The Republican Party isn't giving up on reversing President Obama's Affordable Care Act (ACA), even after Congress' recent bipartisan efforts put in place a key Medicare provision that legislators have long fought over.
"We need to repeal the president's flawed health care law," Rep. Phil Roe, R-Tennessee, said in the GOP's weekly video address. "We need to put the focus on patient-centered reforms that lower costs. And we need to make the real reforms necessary to ensure Medicare and all of our entitlement programs can serve future generations."
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The renewed call to overhaul Obamacare comes after a rare bipartisan achievement in reforming Medicare's sustainable growth rate (SGR). The SGR initially meant doctors would face annual rate cuts in their pay from Medicare -- a formula that, according to Roe, only "jeopardizes seniors' access to physicians they count on every day."
But the $214 billion bill passed in the House -- and negotiated by unlikely duo of Speaker John Boehner and Minority Leader Nancy Pelosi -- would permanently block these payment slashes to physicians.
"This is what we can accomplish when we're focused on finding common ground," Boehner, R-Ohio, said shortly after the bill's passage. "We know we've got more serious entitlement reform that's needed. It shouldn't take another two decades to do it."
Roe promised "this time is different" and assured viewers that the new legislation would result in a "huge amount of savings" over the coming decades.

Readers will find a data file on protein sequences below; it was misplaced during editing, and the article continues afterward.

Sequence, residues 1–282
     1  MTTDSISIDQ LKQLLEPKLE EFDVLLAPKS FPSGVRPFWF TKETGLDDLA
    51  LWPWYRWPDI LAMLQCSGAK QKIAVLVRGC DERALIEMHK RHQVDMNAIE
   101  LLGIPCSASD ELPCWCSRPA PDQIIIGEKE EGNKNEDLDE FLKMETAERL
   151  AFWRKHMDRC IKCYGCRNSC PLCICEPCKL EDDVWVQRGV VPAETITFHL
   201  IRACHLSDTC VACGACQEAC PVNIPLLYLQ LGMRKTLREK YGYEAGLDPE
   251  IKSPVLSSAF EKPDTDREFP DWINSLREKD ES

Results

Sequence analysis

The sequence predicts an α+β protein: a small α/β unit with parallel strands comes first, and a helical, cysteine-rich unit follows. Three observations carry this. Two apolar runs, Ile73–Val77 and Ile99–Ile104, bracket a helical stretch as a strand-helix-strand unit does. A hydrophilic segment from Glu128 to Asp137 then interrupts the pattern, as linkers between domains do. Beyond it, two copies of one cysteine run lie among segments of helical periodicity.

"We're delivering the first real entitlement reform in nearly two decades," the Tennessee lawmaker said. "For now, this is progress, and it's an example of what we can accomplish when we focus on finding common ground."
Congress has been faced with renewing a temporary "doc fix" provision nearly 20 times since the late 1990s. The legislative body most recently cut a one-year deal in 2014 when a last-minute vote prevented the SGR formula from reducing physician payments.
In his own address, Mr. Obama took a stab at the GOP's recently passed budget, framing it as anti-middle class.
"The budget Republicans unveiled last week would make it harder, not easier, to crack down on financial fraud and abuse," Mr. Obama said in a new video. "This week, when Republicans rolled out their next economic idea, it had nothing to do with the middle class."
Mr. Obama called the budget a "$250 billion tax cut for the top one-tenth of the top one percent of Americans."
"I don't think our top economic priority should be helping a tiny number of Americans who are already doing extraordinarily well and asking everybody else to foot the bill," the president continued. "I think our top priority should be helping everybody who works hard get ahead. This country does best when everyone gets their fair shot, everyone does their fair share and everyone plays by the same set of rules."
The president couched his criticism of the Republican budget in a celebration of his own financial reforms, pointing to the fifth anniversary of the independent Consumer Financial Protection Bureau as a step in the right direction for the middle class.
The president touted the agency's recent work to curb abusive payday loan practices -- moves announced in Mr. Obama's trip to Alabama earlier this week.
"The idea is pretty common sense: If you're a payday lender preparing to give a loan, you should make sure that the borrower can afford to pay it back first," the president said.
"As Americans, we believe there's nothing wrong with making a profit. But there is something wrong with making that profit by trapping hard-working men and women in a vicious cycle of debt."